Photo by Monteith McCollum

Mendi & Keith Obadike take questions about their work in a presentation at the Binghamton Tech Center, March 27, 2018.


 An Architecture of Sound: 
Music’s Spacial Dimensions 


with Julian G. Guevara

The incredibly visionary duo of Mendi and Keith Obadike visited Binghamton this past month after corresponding with associate professor of English, Dr. Jennifer Stoever. Mendi and Keith spoke in front of a full house of Binghamton students and residents at Tech Works Binghamton about their past and future projects.

These unique artists create music, art and literature. Their musical pieces are often implemented as sound installations in public spaces such as museums, parks and Times Square in Manhattan, New York. Mendi and Keith’s work has garnered attention all over the United States, and some of their honors are Pick Laudati Award for Digital Art, a New York Foundation for the Arts Fellowship, and a Rockefeller New Media Arts Fellowship.

The two artists, according to Keith, play off the idea that their music can be spatial and at times even architectural. This is in reference to the way in which Mendi and Keith incorporate public space and location into their work.

This is an aspect of their projects that Dr. Stoever has incorporated into her project, The Binghamton Historical Soundwalk Project, or the BHSP. Dr. Stoever began her project in the spring semester of 2014, and she is seeking to use sound installations in an attempt to bridge the gap between students and year round residents. This will be accomplished through taking a soundwalk that contains site-specific sound installations and thinking about the way in which we listen to shared public spaces and each other. Dr. Stoever just received a 2018-19 Whiting Public Engagement Seed Grant for the Binghamton Historical Sound Project.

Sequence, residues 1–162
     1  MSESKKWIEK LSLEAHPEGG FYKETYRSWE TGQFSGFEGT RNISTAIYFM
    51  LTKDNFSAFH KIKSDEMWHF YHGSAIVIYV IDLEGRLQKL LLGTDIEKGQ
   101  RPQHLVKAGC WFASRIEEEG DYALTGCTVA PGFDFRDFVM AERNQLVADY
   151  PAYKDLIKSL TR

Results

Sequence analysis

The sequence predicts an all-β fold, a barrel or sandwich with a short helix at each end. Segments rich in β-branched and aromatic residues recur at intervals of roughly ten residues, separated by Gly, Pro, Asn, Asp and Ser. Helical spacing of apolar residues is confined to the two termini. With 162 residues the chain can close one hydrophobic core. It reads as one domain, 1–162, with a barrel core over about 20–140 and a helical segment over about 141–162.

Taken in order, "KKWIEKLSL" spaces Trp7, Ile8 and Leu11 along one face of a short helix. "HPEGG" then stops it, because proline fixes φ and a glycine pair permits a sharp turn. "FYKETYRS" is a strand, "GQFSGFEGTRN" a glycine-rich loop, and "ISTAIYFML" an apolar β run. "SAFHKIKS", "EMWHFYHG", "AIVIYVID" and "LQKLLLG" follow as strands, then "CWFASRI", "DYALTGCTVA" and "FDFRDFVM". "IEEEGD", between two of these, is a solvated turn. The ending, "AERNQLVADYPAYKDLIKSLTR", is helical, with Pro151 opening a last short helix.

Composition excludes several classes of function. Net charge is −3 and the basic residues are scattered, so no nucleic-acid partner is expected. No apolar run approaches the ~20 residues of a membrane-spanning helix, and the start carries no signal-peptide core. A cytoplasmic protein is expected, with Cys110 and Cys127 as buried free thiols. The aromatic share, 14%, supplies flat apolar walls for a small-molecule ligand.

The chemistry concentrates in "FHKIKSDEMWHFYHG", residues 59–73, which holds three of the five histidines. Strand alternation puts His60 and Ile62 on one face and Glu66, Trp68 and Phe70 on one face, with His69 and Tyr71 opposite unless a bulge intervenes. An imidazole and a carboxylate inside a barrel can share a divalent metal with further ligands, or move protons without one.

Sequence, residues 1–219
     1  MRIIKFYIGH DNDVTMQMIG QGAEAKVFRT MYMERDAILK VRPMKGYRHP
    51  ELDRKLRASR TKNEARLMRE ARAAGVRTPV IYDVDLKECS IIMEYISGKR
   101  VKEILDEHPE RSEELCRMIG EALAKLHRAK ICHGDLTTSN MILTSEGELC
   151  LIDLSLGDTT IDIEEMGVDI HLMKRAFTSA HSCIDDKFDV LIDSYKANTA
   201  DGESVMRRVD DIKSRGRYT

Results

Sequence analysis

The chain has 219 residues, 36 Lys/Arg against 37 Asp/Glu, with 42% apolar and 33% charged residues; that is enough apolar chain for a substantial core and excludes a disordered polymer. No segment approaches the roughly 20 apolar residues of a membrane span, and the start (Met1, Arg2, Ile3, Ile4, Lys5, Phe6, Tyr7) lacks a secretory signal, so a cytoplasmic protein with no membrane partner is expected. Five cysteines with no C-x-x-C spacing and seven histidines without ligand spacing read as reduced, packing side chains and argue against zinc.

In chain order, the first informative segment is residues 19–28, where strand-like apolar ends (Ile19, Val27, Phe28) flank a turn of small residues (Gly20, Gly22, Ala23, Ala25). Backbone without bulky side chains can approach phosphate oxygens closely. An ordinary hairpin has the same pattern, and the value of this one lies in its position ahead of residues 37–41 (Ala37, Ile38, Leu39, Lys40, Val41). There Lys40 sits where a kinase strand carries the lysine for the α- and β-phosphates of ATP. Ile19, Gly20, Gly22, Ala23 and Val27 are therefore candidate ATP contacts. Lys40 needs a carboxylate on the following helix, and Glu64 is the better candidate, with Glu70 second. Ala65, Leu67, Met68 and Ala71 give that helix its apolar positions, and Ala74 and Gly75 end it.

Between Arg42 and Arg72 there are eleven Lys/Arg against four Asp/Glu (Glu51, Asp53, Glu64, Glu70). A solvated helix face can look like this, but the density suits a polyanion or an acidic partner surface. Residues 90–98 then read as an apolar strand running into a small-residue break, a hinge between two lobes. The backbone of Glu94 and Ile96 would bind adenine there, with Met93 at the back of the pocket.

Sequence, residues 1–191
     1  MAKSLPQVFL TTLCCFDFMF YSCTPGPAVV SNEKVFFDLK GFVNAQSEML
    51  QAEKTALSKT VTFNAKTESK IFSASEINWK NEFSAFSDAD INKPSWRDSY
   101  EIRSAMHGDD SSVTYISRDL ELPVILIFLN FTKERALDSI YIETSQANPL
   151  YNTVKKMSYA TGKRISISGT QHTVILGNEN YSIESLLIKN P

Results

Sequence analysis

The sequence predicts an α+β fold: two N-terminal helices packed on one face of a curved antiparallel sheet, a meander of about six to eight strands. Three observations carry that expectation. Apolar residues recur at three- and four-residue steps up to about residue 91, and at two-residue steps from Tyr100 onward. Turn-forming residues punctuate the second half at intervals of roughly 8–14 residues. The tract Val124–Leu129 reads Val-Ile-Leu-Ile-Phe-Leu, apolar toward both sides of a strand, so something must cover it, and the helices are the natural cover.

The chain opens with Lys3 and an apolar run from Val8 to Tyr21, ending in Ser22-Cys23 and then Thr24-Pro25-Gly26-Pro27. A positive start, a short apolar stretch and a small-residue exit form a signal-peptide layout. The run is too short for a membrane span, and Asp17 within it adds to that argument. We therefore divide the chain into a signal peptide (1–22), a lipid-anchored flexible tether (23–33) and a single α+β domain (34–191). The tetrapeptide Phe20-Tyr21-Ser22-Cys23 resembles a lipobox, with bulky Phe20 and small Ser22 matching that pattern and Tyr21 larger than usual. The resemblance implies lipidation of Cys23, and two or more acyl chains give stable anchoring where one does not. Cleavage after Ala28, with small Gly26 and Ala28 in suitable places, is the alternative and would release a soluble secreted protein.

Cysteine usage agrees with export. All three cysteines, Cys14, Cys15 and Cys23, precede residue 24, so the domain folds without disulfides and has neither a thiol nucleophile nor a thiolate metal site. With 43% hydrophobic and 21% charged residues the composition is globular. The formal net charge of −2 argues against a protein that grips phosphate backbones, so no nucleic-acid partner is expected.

Q: Let’s start at the beginning, where are you two from?

A: (Both) Nashville, Tennessee.

Q: In what ways, if any, did growing up in a southern city with a rich musical history inspire or influence the work that you do?

A: (Mendi) Yes, growing up in Nashville (Music City) did influence us. We could go on for days about it. Although we were not so conscious of how unique it was while we were there. When we were kids (we didn’t know each other yet) we both attended a concert given by the 100-year-old composer/pianist Eubie Blake at Fisk University. This made us both think that a long life in the music was possible. In Nashville it was quite normal to be a professional musician even with all of the inherent challenges.

(Keith) had an uncle who had made some blues records and an aunt who was a well-known gospel singer. So I always thought this was a viable career, a powerful way to live, and, a possible calling. Uniquely, there are three prominent historically Black colleges in Nashville with their own legacies as sites of cultural production and activism. Many people don’t know that Nashville became known as Music City because of the global tours done by the Fisk Jubilee Singers in the late 1800s. That legacy of cultural work influenced so much that we were married in Jubilee Hall at Fisk University, a building also called Frozen Music. The idea that our music can be spatial, even architectural, runs through our work to this day.

Mendi fields a question while Keith listens on, during a presentation March 27, 2018, at Binghamton Tech Center, Binghamton, NY.
Photo by Monteith McCollum